Australia Skilled Immigration Points Calculator

If you would like to assess your own chances of gaining a permanent residency visa for Australia, based on the General Skilled Migrationpoints system for offshore visas, then please complete the form below and your points score will be calculated for you!
Afterwards, if you have further questions that you wish to ask an Australian immigration consultant regarding the points test, please fill out our enquiry form or set up a face-to-face consultation by calling +44 (0)344 991 9222.
For further information on the points system and the basic requirements for migrating to Australia, please see the section on Australia on our website. Please note that the current pass mark as of July 1st, 2011 is 65 points.

To check your score, click here.

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UK could stem EU migration if crisis worsens

Britain could restrict the immigration of Greeks and other citizens of euro zone countries affected by Europe's sovereign debt crisis in the event of "extraordinary stresses and strains", Prime Minister David Cameron said on Tuesday.
"The legal position is that if there are extraordinary stresses and strains it is possible to take action to restrict migratory flows, but obviously we hope that doesn't happen," he told a parliamentary committee.
"I would be prepared to do whatever it takes to keep our country safe, to keep our banking system strong, to keep our economy robust," he added.
European Union rules allow the free flow of people to live and work around the group's 27 member states, but fears have mounted in Britain of a wave of migrants from struggling states such as Greece and Spain if their economies continue to worsen.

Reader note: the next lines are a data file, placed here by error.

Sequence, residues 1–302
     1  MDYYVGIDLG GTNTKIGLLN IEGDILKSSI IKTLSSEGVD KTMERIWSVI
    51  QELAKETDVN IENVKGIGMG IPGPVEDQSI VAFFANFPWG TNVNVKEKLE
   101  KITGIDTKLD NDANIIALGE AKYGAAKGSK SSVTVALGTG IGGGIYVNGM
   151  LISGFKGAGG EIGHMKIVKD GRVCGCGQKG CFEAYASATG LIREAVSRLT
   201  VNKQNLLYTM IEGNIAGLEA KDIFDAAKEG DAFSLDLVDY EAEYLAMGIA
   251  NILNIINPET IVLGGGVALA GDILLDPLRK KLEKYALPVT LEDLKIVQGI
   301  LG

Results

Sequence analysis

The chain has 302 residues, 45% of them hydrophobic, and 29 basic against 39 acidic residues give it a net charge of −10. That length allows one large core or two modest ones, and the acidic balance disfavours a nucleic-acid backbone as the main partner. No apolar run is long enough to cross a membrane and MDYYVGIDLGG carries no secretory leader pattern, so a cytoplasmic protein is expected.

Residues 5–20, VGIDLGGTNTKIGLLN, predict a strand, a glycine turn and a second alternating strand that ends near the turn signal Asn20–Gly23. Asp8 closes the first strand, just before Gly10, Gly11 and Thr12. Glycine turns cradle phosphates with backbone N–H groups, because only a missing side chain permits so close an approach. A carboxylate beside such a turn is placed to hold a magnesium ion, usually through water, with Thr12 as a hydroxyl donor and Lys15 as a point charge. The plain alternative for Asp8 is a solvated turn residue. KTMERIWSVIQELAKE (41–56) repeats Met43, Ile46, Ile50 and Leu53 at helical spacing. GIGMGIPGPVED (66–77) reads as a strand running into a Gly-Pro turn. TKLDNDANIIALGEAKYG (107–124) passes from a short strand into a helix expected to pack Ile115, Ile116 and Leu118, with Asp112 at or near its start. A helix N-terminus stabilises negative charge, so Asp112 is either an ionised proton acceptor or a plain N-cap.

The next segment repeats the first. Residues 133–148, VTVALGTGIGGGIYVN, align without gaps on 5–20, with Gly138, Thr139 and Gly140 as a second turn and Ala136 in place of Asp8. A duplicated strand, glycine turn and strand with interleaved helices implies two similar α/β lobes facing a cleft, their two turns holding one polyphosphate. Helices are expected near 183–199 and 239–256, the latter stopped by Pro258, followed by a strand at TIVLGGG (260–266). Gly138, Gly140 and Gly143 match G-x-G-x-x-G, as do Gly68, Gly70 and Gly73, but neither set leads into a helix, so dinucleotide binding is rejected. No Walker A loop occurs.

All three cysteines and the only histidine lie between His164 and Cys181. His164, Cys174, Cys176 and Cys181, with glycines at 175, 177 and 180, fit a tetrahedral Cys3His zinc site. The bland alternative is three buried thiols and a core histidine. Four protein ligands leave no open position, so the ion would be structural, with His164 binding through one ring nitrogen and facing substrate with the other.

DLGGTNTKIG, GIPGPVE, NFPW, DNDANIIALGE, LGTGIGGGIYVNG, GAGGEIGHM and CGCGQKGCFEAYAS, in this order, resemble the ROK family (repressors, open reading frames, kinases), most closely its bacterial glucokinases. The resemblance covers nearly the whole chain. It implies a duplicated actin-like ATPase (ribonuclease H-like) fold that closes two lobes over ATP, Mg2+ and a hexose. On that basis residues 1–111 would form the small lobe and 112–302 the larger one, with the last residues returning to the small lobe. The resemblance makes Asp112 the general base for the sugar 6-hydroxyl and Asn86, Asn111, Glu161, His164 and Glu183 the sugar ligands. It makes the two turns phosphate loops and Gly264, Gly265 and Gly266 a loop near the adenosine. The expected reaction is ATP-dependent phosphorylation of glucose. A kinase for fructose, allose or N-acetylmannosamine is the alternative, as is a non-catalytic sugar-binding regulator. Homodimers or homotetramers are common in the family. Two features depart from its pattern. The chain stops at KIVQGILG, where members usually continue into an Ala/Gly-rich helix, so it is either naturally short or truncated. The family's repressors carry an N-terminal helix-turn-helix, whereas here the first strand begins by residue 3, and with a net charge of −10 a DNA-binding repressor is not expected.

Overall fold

Read the full story here. 

Barclays boss Bob Diamond resigns amid Libor scandal

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Barclays chief executive Bob Diamond has resigned a week after the bank was fined a record amount for trying to manipulate inter-bank lending rates. BBC business editor Robert Peston said he was encouraged to go by the heads of the Bank of England and the FSA.
Mr Diamond said he was stepping down because the external pressure on the bank risked "damaging the franchise".
Chief operating officer Jerry del Missier has also resigned, the third top executive in two days to do so.
Barclays chairman Marcus Agius, who had announced his own resignation on Monday, will now take over the running of Barclays until a new chief executive is appointed.
'Cynical greed' BBC business editor Robert Peston said the heads of the City's two main regulators had been unable to force Mr Diamond out "because the recent FSA investigation into how Barclays attempted to rig the important Libor interest rates did not find him personally culpable".

"However, a…